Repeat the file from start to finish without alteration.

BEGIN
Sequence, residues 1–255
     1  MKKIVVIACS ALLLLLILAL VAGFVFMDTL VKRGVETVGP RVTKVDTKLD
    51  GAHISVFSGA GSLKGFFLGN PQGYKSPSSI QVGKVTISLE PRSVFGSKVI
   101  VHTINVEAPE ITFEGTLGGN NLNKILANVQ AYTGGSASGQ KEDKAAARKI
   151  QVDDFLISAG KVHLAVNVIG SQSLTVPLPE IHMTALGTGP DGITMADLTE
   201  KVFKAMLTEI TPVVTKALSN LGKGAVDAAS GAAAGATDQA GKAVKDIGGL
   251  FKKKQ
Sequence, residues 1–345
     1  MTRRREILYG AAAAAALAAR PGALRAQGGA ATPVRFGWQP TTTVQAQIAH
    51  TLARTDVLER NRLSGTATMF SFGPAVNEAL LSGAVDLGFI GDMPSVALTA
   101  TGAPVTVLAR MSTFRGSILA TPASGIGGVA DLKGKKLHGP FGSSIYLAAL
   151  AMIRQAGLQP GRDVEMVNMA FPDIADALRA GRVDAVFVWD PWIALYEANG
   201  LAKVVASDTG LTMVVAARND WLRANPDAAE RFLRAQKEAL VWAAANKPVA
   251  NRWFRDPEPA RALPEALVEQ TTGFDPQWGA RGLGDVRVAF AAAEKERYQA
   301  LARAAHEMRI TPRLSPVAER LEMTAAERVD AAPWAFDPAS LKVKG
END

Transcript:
Sequence, residues 1–255
     1  MKKIVVIACS ALLLLLILAL VAGFVFMDTL VKRGVETVGP RVTKVDTKLD
    51  GAHISVFSGA GSLKGFFLGN PQGYKSPSSI QVGKVTISLE PRSVFGSKVI
   101  VHTINVEAPE ITFEGTLGGN NLNKILANVQ AYTGGSASGQ KEDKAAARKI
   151  QVDDFLISAG KVHLAVNVIG SQSLTVPLPE IHMTALGTGP DGITMADLTE
   201  KVFKAMLTEI TPVVTKALSN LGKGAVDAAS GAAAGATDQA GKAVKDIGGL
   251  FKKKQ
Sequence, residues 1–345
     1  MTRRREILYG AAAAAALAAR PGALRAQGGA ATPVRFGWQP TTTVQAQIAH
    51  TLARTDVLER NRLSGTATMF SFGPAVNEAL LSGAVDLGFI GDMPSVALTA
   101  TGAPVTVLAR MSTFRGSILA TPASGIGGVA DLKGKKLHGP FGSSIYLAAL
   151  AMIRQAGLQP GRDVEMVNMA FPDIADALRA GRVDAVFVWD PWIALYEANG
   201  LAKVVASDTG LTMVVAARND WLRANPDAAE RFLRAQKEAL VWAAANKPVA
   251  NRWFRDPEPA RALPEALVEQ TTGFDPQWGA RGLGDVRVAF AAAEKERYQA
   301  LARAAHEMRI TPRLSPVAER LEMTAAERVD AAPWAFDPAS LKVKG